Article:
Move'n on.

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Re: A walk in the park
« Reply #14 on: December 30, 2007, 09:03:41 PM »
Black maple buds are more stout and pubescent.
Move'n on.

Online Furby

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Re: A walk in the park
« Reply #15 on: December 30, 2007, 09:11:46 PM »
Well I'm a little surprised at Sugar Maple, I was thinking a soft Maple if it wasn't Boxelder.
It's maybe 5' from the edge of a 5 or 6' drop off to the stream below and does get seasonal flooding.

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Re: A walk in the park
« Reply #16 on: December 30, 2007, 09:36:39 PM »
Probably rich ground Furb, any yellow birch around and white ash, basswood maybe?
Move'n on.

Offline WDH

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Re: A walk in the park
« Reply #17 on: December 30, 2007, 09:47:51 PM »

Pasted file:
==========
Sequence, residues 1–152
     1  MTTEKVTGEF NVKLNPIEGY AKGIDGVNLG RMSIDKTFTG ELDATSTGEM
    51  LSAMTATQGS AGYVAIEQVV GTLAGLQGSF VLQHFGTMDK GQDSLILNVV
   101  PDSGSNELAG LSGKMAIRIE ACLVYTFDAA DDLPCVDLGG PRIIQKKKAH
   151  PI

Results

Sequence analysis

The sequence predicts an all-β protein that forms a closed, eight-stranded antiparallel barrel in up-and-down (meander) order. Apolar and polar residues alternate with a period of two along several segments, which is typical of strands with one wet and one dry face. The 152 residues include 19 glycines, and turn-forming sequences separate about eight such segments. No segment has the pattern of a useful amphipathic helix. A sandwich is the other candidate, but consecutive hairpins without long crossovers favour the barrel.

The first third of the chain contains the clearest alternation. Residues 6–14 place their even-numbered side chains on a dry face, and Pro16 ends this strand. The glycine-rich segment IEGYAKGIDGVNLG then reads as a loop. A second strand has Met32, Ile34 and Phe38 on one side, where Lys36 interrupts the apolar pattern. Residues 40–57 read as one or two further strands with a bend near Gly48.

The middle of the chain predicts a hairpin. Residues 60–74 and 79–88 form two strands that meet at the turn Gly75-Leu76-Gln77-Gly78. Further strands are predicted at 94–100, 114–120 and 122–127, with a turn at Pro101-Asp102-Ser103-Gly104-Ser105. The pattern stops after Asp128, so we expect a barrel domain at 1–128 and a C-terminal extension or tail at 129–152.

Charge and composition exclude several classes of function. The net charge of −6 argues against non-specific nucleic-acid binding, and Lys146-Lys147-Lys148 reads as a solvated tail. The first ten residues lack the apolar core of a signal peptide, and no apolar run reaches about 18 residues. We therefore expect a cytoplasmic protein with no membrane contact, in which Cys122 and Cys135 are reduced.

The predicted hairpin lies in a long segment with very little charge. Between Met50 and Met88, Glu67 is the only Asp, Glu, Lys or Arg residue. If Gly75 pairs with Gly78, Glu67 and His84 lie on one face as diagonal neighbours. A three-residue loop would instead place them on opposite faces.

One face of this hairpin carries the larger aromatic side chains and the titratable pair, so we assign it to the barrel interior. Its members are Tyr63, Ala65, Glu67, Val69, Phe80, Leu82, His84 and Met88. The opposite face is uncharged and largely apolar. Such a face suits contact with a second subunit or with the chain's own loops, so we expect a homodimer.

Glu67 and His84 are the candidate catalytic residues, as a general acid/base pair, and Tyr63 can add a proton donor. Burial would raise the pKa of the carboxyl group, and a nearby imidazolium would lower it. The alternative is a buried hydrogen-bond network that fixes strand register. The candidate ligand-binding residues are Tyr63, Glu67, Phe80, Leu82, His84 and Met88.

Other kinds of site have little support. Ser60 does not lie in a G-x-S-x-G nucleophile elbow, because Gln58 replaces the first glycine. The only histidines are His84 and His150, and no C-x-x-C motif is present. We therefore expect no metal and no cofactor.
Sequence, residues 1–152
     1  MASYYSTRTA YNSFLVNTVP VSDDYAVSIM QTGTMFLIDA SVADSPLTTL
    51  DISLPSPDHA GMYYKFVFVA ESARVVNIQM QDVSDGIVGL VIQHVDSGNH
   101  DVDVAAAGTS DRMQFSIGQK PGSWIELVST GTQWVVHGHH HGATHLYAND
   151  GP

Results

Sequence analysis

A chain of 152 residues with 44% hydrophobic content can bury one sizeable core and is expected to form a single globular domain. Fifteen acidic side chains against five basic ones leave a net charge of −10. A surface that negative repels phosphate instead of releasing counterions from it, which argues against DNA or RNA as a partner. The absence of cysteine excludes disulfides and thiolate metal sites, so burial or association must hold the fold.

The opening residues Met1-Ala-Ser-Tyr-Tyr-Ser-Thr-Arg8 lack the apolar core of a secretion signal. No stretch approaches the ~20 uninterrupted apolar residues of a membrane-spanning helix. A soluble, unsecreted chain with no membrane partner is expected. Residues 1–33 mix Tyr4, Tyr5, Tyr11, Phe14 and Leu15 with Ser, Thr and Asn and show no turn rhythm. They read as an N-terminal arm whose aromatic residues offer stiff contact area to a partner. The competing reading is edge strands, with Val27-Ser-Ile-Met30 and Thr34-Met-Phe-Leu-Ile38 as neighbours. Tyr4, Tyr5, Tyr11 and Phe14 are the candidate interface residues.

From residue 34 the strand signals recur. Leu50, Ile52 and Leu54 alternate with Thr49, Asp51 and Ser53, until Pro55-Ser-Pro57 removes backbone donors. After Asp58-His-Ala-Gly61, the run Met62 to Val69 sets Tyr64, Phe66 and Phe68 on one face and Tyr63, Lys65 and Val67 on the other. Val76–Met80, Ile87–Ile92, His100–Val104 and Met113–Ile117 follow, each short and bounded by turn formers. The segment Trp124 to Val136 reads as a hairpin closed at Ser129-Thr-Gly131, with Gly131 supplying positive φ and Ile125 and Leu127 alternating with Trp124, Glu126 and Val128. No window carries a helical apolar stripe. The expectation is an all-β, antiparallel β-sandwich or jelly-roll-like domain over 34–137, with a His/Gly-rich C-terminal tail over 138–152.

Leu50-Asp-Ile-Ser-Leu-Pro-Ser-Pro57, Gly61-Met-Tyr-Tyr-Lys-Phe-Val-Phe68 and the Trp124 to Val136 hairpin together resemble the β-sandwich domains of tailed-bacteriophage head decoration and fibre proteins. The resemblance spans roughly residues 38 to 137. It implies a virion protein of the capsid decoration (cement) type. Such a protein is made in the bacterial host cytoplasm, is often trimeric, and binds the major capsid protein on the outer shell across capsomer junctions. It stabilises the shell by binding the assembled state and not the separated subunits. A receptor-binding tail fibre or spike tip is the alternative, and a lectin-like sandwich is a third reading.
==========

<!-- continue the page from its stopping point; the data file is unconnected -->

The soft maples are serrated between the lobes.  Not so with the hard maples. 
Woodmizer LT40HDD35, John Deere 2155, Kubota M5-111, Nyle L53 Dehumidification Kiln, and a passion for all things with leafs, twigs, and bark.  hamsleyhardwood.com

Online Furby

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Re: A walk in the park
« Reply #18 on: December 30, 2007, 09:52:36 PM »
Ahhh....... ya ready for some more ID's eh. ;)
Really, part of the reason I keep going back is to work on my ID's.
I even started mt sister on a few and she's slowly catching on.
I found hackberry and I'd never seen it before. Based on my ID book that was a gift from the Stump Jumpers a while back, I'm on the Northern edge for Hackberry.
Even found a real nice 28" one.

There are a wide mixture of trees, very diverse in my opinion.
Sycamore
White Oak
Red Oak
Beech
Hard and soft Maple.
Looks like Blue Beech
Aspen
Hemlock (I think)
Black Cherry
Hackberry
Cottonwood
Red Pine
White Pine are all ones I can ID, cept for the Maples I guess.

There are a couple different Ashes and Elms lots of trees I just haven't been able to confirm yet.
I'll put up a few and maybe you guys can help, I don't have anything other then bark and form to go by though.



Online Furby

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Re: A walk in the park
« Reply #19 on: December 30, 2007, 10:01:35 PM »
How about this one?